I will no longer give you
a name, provide
that much dignity
to greedy fingers that probed
and hurt me and grandmother
when my parents were gone.
Stop, please stop, she cried
as you beat her trying to protect me
until the broomstick took her down.
I learned how to fly when I was eight,
watched you kick me from the ceiling,
while my body lay curled on the floor,
or touch me in evil ways.
An angel’s whisper brought me back
when you left, kissed my bruises
then vanished in a burst of light
until the next time.
If not for her, I could be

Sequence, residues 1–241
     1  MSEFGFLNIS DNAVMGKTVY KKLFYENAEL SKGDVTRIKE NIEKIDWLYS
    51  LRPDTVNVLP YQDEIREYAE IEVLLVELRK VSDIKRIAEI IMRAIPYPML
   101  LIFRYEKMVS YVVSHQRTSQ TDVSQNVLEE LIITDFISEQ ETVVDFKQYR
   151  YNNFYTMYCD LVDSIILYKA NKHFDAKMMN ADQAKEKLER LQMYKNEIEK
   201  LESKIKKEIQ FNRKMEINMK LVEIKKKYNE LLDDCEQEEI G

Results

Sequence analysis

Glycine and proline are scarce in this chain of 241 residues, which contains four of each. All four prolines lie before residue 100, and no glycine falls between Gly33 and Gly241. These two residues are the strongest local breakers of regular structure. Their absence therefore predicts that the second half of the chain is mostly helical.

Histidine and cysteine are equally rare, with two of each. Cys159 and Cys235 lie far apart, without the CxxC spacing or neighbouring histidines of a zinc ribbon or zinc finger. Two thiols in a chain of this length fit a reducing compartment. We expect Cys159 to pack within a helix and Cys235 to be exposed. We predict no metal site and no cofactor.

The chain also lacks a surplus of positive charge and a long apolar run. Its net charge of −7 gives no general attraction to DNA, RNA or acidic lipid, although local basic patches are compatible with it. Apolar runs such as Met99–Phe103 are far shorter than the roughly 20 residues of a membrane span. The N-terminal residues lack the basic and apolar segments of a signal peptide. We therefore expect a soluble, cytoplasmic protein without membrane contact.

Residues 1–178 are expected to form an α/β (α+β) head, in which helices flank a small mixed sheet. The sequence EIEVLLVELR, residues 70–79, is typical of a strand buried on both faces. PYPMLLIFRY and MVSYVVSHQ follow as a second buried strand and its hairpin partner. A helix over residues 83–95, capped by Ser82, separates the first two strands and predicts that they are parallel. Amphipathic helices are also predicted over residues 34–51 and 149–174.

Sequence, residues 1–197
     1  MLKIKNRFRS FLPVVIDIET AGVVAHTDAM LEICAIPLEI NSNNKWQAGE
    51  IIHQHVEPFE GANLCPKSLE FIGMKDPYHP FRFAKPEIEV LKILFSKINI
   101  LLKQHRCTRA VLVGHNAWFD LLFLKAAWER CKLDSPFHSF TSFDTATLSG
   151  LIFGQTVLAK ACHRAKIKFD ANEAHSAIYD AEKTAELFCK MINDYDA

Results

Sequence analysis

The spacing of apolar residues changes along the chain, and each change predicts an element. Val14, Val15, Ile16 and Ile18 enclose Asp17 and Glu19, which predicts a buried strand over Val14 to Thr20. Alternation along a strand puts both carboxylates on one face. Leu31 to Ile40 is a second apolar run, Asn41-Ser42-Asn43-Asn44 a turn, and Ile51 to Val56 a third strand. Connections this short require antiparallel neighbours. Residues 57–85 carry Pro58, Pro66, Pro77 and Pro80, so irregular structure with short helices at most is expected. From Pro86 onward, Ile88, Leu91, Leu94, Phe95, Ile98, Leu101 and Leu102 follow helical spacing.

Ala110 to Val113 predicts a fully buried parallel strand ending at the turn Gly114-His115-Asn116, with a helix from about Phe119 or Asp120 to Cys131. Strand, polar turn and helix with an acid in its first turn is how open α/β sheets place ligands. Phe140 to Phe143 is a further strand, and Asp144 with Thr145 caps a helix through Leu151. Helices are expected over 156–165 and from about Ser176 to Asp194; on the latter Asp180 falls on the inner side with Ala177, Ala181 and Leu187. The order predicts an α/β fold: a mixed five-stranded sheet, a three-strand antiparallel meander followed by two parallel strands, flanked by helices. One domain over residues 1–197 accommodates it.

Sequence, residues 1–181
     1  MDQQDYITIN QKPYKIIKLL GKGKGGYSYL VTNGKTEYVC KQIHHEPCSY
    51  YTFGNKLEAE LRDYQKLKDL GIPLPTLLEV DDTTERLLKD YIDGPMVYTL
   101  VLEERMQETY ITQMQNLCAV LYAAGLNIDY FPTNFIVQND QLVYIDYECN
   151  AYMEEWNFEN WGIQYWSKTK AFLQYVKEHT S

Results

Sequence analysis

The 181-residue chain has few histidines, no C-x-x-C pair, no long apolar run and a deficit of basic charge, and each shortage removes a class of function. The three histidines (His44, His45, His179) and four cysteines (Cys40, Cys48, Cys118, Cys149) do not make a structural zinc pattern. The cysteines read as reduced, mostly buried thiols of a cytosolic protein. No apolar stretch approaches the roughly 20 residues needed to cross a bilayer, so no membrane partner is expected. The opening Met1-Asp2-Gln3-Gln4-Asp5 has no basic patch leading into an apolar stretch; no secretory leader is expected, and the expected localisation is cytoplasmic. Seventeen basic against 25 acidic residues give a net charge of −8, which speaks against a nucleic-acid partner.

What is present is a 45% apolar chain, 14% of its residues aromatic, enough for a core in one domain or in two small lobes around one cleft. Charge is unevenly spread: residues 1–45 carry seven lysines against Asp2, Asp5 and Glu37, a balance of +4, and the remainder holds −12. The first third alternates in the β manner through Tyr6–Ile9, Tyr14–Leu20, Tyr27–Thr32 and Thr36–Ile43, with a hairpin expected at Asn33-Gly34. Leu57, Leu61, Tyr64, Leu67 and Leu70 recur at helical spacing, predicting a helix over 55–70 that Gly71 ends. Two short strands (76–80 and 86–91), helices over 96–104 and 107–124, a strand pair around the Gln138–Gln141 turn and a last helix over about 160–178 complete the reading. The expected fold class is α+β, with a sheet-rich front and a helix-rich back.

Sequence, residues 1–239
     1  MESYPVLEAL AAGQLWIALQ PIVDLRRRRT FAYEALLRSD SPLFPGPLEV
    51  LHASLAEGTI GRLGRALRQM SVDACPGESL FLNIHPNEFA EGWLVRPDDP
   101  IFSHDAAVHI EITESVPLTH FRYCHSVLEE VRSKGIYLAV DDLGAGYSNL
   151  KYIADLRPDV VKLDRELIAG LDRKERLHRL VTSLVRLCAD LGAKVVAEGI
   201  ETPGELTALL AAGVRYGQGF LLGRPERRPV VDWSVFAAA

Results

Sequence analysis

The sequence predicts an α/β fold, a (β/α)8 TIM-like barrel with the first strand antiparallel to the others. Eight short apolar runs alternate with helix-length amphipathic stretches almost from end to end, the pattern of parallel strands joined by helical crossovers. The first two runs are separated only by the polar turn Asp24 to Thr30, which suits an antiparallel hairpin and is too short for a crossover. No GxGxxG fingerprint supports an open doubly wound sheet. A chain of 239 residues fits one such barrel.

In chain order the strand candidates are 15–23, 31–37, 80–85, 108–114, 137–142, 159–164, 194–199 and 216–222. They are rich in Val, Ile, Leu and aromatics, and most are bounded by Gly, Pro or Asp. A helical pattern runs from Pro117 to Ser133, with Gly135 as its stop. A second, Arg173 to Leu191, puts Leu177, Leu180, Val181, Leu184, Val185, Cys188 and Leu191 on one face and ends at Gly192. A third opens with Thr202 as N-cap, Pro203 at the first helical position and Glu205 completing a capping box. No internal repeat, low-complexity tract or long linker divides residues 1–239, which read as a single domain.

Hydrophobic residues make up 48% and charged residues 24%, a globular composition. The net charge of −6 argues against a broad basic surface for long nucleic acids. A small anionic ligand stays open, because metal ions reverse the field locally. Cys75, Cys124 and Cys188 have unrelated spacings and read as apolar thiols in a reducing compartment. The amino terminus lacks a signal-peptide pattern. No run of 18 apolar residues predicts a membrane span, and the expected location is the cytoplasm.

the Three Faces of Eve,
made famous in the movies,
one me soaring, another
with my hands ‘round your neck.
The poems of Pris Campbell have appeared in numerous journals and anthologies, including PoetsArtists, Nixes Mate, Rusty Truck, Bicycle Review, Chiron Review, Octopus Review, Boxcar Poetry Review, and Outlaw Poetry. Nominated six times for a Pushcart, the Small Press has published eight collections of her poetry. My Southern Childhood, from Nixes Mate is her most recent book. She has been nominated six times for a Pushcart Prize. A former Clinical Psychologist, sailor and bicyclist until sidelined by ME/CFS in 1990, she makes her home with her husband in the Greater West Palm Beach, Florida.